From the Wall Street Journal:
Glory Days Fade for U.S. Farmers
Plunging Crop Prices and Higher Costs Cloud Horizon for '09 Profits and Land Sales
The Farm Belt, one of the hottest parts of the U.S. economy in recent years, is rapidly cooling.
The Midwest faces plunging crop prices and stubbornly high production costs. Corn prices have dropped from $7.54 a bushel around July Fourth in central Iowa to just $3.81 a bushel on Tuesday. But growers are hearing from suppliers that fertilizer and seed costs could rise by more than 40% each for next spring's plantings.
Some farmers are postponing equipment purchases and considering whether to plant less of such high-cost crops as corn come spring. Stock prices of agricultural companies have plummeted: The shares of Bunge Ltd., which sells fertilizer to farmers and processes soybeans, have dropped 67% since June, while Archer-Daniels-Midland Co., a grain processor and exporter, is 60% off its 52-week high....MUCH MORE
...Most economists see little chance of a farm debt crisis of the sort that battered the Midwest in the 1980s, when the federal government bailed out the largest farmer lender.
Economist David Oppedahl at the Federal Reserve Bank of Chicago says farmers have unusually strong balance sheets. The debt-to-assets ratio of the farm sector is just 9%, down from its peak in 1985 of 22%. While many urban families heavily leveraged themselves to buy homes in recent years, many farmers were still so debt-adverse that they bought land with cash or made big down payments.
"Agriculture learned its lessons in the 1980s," said Robert B. Engel, CEO of Denver's CoBank, a cooperatively owned lender to agribusiness. "I still think the golden era of agriculture will be with us for another five plus years."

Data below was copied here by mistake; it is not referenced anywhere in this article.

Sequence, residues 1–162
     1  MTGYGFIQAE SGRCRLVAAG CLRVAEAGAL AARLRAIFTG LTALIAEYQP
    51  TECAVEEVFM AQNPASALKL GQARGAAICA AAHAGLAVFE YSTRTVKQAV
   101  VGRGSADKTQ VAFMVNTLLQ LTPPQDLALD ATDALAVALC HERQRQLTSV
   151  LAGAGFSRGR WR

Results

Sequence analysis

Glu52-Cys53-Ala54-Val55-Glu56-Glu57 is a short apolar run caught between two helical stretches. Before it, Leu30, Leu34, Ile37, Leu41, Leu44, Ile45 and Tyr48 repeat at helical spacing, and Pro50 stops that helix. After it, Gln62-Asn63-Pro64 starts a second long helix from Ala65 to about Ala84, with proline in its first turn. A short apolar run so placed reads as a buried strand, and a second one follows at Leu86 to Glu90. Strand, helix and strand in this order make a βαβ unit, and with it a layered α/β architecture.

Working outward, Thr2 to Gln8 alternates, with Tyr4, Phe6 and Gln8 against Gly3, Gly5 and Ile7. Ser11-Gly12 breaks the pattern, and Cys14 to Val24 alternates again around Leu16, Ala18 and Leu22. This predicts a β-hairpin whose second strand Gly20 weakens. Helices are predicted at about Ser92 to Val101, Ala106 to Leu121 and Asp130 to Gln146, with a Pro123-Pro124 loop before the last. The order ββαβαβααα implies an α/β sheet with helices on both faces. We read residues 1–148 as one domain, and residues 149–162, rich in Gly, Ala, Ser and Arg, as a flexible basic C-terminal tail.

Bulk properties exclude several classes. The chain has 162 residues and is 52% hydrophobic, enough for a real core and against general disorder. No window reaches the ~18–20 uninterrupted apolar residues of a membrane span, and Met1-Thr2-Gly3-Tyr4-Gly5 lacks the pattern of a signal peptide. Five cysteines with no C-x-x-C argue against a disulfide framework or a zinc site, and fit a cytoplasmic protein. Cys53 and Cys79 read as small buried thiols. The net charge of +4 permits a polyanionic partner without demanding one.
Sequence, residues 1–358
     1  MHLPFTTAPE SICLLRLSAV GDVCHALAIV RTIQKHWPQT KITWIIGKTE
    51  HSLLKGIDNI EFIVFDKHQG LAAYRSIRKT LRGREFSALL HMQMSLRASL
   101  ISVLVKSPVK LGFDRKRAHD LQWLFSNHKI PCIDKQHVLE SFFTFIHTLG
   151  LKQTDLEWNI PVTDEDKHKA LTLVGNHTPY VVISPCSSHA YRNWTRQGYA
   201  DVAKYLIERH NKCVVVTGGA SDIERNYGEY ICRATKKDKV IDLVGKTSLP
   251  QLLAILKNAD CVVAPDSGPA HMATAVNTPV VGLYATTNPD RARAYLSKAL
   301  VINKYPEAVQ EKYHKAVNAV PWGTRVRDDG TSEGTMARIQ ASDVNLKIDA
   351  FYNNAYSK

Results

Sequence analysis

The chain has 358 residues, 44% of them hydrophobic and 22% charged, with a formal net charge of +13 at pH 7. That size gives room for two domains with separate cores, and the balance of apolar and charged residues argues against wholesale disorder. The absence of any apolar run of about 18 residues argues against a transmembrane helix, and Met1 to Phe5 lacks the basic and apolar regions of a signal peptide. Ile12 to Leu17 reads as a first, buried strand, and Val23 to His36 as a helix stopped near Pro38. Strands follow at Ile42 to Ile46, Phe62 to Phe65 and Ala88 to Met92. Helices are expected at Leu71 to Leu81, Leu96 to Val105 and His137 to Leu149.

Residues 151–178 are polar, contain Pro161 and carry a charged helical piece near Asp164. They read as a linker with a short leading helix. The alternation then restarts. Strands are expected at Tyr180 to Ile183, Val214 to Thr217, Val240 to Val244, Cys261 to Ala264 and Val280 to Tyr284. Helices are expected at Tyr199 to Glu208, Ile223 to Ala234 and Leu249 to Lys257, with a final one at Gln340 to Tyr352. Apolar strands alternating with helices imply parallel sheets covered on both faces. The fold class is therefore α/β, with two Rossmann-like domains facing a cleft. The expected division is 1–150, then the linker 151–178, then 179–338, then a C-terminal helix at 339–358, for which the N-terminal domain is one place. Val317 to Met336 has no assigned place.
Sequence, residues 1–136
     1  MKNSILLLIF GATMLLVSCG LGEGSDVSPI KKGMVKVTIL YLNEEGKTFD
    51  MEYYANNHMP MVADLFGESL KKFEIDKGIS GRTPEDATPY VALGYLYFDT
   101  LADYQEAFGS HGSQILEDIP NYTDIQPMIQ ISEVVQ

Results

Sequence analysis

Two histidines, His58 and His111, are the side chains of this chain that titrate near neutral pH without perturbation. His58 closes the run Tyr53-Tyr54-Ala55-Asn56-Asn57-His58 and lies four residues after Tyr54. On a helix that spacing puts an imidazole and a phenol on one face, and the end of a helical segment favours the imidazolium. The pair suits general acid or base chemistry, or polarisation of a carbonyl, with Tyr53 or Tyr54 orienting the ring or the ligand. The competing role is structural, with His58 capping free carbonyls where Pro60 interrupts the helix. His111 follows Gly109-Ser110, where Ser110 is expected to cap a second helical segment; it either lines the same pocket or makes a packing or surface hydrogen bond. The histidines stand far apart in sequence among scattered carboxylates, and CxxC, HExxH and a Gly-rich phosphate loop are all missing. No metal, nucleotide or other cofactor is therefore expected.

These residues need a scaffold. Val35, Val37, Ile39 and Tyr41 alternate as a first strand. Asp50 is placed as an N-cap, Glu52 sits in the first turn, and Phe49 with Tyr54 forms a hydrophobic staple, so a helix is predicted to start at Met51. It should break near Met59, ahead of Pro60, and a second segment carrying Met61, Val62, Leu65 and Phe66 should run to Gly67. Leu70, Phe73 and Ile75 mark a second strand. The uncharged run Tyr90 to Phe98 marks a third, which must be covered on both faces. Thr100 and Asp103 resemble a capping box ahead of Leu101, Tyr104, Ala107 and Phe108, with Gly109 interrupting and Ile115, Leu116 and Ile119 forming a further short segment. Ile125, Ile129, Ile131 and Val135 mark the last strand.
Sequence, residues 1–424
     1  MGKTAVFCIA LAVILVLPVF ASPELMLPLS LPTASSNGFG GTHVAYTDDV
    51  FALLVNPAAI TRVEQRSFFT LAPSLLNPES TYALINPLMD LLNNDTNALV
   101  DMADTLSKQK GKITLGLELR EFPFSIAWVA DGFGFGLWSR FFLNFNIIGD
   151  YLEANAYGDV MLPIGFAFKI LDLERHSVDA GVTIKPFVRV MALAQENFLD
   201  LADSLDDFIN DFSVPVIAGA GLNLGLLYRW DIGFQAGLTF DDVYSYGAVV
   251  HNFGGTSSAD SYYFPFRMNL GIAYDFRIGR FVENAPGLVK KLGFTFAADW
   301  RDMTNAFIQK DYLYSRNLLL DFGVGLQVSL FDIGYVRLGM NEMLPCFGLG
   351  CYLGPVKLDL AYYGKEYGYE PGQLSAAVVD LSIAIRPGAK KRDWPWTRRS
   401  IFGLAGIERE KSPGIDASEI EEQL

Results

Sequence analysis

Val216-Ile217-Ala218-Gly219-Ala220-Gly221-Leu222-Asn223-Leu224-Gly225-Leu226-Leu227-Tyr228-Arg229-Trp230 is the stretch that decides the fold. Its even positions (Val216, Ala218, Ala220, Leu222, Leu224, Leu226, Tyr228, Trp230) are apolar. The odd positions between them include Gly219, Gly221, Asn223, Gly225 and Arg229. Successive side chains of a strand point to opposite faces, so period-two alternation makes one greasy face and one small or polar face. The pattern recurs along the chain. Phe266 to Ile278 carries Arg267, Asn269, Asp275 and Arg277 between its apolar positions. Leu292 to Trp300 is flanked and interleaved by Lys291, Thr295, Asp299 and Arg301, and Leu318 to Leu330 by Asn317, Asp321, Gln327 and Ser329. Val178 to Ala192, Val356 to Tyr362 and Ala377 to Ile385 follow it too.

Last April we posted, "Hedge Funds Buying Farmland":
We may have an answer to the age old question: "To Whom?".
For some reason I picture Farmer Jones (with a couple Iowa State Masters Degrees) aw shucking the city folks and I think of Senator Sam Ervin (running intellectual circles around Attorney General John Mitchell, John Dean and the rest of "Richard Nixon's Secret Tapes Club Band"*) and his "I'm just a simple country lawyer" line.
From the Financial Times:
Hedge funds and investment banks are swapping their Gucci for gumboots as they bet on rising food prices by buying farms....
Finally a story from John Kenneth Galbraith:This tale is said to be told by John Kenneth Galbraith on himself. As a boy he lived on a farm in Canada. On the adjoining farm, lived a girl he was fond of. One day as they sat together on the top rail of the cattle pen they watched a bull servicing a cow. Galbraith turned to the girl, with what he hoped was a suggestive look, saying, "That looks like it would be fun." She replied, "Well.... She’s your cow."